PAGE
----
3 Strategies to Stop Shopping

Wait 3 days

shopping (2)This is something I use often.

When I see something I want, I force myself to put it back, and then I wait 72 hours.

If I am still thinking about it, 72 hours later, then it’s clear I really need or want it.

Assess if it’s a need or a want

In that 72 hour time period, I go through an inventory what I already have.

I think about possible substitutes.

I think about where and when I’d use it, calculating the cost-per-use for a week/month/year including time spent.

Get rid of something

I get rid of something to make space for it.

If I cannot get rid of anything, it makes a stronger case to not buy it.

True Scenario: I want a new kettle

I’ve identified a need that my old kettle broke and I needed a new one.

kettleI researched for the perfect kettle just to get the idea of how much it would cost for what I want.

It was $20.

With that shopping information in hand, I waited a minimum of 3 days (in my case, a week).

During the week, I casually noted how many times I used a kettle.

Seemed to be only when I have tea in the morning.

So I looked for other alternatives: heating water on the stove, or simply microwaving water in a cup.

I experimented with my daily tea by using the above methods.

The stove turned out to be an energy waster, and it was inconvenient.

But microwaving water in a cup for 3 minutes on high worked wonderfully.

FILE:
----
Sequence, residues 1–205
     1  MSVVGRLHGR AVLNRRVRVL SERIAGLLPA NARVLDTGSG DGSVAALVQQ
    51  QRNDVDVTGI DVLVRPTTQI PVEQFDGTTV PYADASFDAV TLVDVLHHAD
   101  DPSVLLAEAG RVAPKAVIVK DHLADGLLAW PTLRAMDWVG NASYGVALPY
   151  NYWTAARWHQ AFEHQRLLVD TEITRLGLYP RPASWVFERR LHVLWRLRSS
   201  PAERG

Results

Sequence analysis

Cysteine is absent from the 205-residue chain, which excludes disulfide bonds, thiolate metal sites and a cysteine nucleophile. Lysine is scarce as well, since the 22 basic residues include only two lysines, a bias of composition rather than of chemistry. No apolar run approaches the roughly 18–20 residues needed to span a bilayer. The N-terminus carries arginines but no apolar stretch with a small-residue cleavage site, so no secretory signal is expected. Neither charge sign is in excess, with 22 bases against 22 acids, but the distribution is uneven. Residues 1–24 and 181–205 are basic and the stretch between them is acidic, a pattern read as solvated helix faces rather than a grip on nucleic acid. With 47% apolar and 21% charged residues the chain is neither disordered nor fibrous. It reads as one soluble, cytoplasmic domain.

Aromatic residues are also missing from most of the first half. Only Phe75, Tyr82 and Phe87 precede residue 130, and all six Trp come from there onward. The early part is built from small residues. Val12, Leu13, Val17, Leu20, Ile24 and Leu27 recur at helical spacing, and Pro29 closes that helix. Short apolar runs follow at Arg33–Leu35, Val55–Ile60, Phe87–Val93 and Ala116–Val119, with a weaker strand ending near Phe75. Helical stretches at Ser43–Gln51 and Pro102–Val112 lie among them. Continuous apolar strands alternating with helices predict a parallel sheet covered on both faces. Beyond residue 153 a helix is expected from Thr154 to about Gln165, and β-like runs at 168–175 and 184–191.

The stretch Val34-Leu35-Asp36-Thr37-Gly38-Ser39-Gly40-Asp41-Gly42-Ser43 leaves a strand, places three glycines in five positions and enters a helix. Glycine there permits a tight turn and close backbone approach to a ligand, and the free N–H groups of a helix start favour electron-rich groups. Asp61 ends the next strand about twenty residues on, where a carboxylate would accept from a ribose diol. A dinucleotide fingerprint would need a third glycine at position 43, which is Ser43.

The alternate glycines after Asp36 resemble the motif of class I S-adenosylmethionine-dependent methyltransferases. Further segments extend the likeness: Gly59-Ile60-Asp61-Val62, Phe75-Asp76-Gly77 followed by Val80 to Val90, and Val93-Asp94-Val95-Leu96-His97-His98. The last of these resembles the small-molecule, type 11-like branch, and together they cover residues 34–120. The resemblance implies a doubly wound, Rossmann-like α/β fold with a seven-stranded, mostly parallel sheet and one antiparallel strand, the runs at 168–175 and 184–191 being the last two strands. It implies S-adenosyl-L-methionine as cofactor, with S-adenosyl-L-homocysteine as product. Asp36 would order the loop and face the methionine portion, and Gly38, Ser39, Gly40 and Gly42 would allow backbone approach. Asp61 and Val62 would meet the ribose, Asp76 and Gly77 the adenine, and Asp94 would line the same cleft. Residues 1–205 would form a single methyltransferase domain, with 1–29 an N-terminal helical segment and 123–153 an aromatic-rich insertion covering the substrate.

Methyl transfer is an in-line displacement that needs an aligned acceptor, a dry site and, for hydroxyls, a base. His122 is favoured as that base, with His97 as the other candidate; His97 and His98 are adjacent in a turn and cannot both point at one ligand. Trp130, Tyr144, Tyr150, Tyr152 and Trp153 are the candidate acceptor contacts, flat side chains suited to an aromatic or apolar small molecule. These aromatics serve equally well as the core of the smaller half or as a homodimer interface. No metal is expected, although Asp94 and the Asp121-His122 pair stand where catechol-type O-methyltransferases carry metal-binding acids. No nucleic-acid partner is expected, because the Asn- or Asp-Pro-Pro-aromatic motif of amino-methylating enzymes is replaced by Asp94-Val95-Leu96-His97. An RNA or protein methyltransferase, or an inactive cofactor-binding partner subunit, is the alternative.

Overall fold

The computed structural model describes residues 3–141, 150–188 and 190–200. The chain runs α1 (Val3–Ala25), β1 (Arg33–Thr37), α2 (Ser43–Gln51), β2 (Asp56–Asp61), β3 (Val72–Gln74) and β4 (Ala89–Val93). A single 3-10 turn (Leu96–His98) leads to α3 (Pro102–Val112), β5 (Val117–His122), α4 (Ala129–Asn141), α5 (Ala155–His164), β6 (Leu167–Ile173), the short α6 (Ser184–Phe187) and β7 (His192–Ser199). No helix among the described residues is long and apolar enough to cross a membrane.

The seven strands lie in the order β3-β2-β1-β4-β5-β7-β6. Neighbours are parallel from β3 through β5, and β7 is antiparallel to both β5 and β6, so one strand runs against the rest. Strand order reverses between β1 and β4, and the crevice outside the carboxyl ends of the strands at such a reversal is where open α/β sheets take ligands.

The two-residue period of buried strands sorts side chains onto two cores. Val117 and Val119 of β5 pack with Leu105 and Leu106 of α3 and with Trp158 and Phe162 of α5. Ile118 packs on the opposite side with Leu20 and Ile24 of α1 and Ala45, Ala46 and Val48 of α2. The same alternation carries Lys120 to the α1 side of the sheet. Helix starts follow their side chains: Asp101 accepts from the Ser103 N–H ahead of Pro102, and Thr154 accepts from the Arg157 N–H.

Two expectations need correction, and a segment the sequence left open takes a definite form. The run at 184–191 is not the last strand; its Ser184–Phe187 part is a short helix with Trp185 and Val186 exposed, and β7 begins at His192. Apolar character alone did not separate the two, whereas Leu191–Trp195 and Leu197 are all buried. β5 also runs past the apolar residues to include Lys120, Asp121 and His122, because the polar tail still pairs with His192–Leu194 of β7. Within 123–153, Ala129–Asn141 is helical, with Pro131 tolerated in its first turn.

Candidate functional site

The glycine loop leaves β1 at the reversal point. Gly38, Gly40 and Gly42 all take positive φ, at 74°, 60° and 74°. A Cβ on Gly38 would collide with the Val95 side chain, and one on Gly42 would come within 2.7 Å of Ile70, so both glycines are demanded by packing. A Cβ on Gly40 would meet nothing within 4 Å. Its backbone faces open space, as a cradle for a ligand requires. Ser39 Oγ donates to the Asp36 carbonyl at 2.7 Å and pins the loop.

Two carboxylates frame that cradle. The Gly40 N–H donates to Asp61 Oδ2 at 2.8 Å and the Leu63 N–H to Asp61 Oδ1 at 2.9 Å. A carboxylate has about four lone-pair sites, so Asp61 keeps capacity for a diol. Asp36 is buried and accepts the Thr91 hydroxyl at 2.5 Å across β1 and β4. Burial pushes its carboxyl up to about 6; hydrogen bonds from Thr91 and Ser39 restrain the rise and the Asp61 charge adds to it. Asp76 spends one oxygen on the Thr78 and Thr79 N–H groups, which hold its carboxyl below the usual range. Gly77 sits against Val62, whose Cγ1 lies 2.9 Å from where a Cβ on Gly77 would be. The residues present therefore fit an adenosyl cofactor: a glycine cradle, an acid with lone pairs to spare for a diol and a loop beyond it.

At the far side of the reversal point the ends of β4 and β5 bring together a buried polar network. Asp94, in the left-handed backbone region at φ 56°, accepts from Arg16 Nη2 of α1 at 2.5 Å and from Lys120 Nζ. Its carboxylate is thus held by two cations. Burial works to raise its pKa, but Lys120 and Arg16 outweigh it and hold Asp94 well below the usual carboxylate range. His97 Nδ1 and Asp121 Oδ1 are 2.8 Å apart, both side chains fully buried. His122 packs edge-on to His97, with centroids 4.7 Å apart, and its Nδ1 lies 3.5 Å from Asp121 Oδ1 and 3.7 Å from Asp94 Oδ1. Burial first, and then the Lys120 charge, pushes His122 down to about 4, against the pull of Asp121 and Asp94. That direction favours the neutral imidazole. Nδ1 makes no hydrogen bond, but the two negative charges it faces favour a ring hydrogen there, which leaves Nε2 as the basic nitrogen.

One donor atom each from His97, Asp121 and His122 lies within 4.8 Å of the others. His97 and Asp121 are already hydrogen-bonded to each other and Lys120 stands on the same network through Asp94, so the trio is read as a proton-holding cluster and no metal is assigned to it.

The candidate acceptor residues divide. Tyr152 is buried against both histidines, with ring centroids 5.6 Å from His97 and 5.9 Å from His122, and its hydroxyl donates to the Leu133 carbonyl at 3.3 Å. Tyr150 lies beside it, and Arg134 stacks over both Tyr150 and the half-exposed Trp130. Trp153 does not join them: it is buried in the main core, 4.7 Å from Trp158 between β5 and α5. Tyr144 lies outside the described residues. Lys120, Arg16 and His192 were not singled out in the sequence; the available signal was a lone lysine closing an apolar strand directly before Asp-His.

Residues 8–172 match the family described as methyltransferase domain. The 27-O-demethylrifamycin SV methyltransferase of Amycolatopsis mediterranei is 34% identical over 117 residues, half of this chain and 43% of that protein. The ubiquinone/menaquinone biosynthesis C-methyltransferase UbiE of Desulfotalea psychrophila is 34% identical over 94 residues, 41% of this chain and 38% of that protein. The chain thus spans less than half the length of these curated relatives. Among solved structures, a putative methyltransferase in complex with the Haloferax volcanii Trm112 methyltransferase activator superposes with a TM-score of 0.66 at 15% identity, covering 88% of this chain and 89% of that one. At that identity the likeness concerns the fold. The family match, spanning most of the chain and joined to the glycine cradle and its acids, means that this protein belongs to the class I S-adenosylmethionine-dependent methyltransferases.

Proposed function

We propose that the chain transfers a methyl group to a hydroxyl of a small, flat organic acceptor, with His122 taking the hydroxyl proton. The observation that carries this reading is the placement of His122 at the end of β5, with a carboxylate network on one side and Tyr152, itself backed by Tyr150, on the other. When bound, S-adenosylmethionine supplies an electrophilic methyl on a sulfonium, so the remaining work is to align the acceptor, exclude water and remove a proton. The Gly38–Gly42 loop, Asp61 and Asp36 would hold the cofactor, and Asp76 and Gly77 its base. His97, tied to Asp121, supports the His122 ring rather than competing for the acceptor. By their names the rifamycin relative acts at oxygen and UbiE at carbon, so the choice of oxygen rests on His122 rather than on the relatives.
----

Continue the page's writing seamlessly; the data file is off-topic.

In the end, I decided that I didn’t really need a kettle.

I didn’t use it often enough to justify its usage, and microwaving water in a cup works just as quickly.

Conclusion: I have one less kitchen appliance.

This is a really banal example above, and now my microwave is a multi-tasking appliance.

(What did we ever do without them!? Stoves and ovens take so long to reheat anything)

But it actually happened, and now I have one less kitchen appliance to plug in and use.

About the Author

I'm a 20-something year old girl who lived out of a single suitcase in 2007, and now I'm living with less, but only with the best. You don't have to get rid of everything to become a minimalist! Minimalism can help simplify and organize your life, career, & physical surroundings. You can read more about me as a minimalist. Or come and visit my other blog Fabulously Broke in the City where I got out of $60,000 of debt in 18 months, earning $65,000 gross/year.